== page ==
Financing for development: the view from Addis

Ishbel Matheson
14 July 2015
Comment
In the UN conference centre and upmarket hotels of Addis Ababa, the buzz of international summitry is underway. Thousands of delegates from all over the world have converged on the Ethiopian capital this week to discuss the direction of international development and where the resources might come from to finance it.

African presidents sweep through the corridors, escorted by their security details. UN Secretary-General Ban Ki-moon is whisked from one packed meeting on ‘shifting billions to trillions’ (a catch-phrase for dramatically ramping up finance for development) into another on sustainable energy for all. World-famous economists like Joseph Stiglitz debate the growing prospects for low-carbon development, while African fashion designers talk about the importance of fair trade rules.

The air is peppered with the jargon of development: ‘catalytic’ aid is to be blended and leveraged (this involves turning a little into a lot through judicious private sector tie-ups); capacity and institutions must be built; and absolutely everyone agrees it can’t be ‘business as usual’.

Despite the giddy pace of side events and meetings, the actual negotiations are proceeding more slowly. The mood on Monday evening was reported to be decidedly bad-tempered as donor nations and the G77 (a grouping which includes developing nations and emerging economies such as China) wrestle over final details, including whether developing countries could be given a say in how global tax regulations are formulated.

Underpinning these arguments is a sense of sourness from some developing countries that they are being asked to sign up to a deal which asks a lot of them, but delivers little in the way of concrete commitments for them.  After all, as one delegate from Brazil commented last night, this is a financing conference where there is no new international public finance on the table.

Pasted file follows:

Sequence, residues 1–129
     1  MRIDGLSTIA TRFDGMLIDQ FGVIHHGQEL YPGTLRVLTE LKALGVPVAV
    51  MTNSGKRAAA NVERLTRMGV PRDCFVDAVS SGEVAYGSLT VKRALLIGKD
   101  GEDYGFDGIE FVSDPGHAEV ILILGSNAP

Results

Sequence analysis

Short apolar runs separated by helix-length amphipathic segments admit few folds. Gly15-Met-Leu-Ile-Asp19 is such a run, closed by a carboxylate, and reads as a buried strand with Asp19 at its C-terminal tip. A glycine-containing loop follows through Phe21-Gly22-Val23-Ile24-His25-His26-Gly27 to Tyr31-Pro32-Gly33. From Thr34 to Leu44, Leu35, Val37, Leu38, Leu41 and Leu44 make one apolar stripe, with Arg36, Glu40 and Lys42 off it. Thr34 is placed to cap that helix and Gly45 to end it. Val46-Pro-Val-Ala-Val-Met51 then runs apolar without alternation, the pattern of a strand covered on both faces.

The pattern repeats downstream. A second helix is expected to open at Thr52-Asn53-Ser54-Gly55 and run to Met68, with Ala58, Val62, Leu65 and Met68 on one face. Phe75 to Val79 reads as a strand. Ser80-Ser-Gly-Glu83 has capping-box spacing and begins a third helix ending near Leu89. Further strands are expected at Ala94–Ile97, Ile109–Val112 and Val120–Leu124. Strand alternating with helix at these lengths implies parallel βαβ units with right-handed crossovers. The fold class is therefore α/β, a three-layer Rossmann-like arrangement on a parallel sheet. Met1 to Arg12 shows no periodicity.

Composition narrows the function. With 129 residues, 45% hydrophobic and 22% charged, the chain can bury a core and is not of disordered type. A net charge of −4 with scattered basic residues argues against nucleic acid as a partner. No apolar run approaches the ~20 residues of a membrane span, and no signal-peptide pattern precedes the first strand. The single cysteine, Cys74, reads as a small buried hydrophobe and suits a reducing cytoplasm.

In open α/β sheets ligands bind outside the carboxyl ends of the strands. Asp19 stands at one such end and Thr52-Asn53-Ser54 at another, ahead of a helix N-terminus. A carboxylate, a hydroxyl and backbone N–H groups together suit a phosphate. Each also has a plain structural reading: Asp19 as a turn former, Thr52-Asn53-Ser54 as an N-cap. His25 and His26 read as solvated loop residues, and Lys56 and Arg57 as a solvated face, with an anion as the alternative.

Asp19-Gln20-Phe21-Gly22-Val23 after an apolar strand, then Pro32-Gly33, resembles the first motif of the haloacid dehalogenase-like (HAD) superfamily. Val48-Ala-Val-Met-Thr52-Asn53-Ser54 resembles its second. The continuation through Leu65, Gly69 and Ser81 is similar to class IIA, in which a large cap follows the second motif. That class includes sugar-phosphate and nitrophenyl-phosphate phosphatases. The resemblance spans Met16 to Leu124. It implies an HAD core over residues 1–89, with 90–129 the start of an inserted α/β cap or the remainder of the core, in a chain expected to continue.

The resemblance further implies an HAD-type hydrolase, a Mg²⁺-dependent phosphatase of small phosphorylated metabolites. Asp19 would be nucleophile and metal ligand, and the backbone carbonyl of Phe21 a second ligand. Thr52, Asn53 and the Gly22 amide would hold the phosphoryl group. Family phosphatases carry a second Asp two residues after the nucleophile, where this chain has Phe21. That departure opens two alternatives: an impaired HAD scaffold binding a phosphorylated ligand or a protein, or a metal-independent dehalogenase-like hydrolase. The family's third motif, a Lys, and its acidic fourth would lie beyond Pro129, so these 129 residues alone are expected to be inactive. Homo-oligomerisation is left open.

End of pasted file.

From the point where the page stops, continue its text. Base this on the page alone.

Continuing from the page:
Much of the talk at the conference has been of how to improve developing nations' domestic resource mobilisation through, for example, better tax collection systems , clamping down on the billions of illicit flows, as well as incentivising private sector investment. These are important, but they are not the whole story.

Despite these misgivings, there is widespread conviction that #FFD3 is worth the effort. Plenty of people are saying an agreement  here will  be just the beginning, not the end. The draft outcome document contains important language on committing to new social compact – meaning support for a basic standard of living for the world's poorest.

ODI's research, which Romilly Greenhill outlined at the conference today, shows that meeting these basic social standards will not be possible for the poorest countries even allowing for improved domestic resource mobilisation.

For them, for the foreseeable future, international public finance will continue to play a critical role in health, education and providing social protection for their citizens. In this sense at least, and however we deliver that help, the purpose of international development – if not the business of it – remains unchanged.

Ishbel Matheson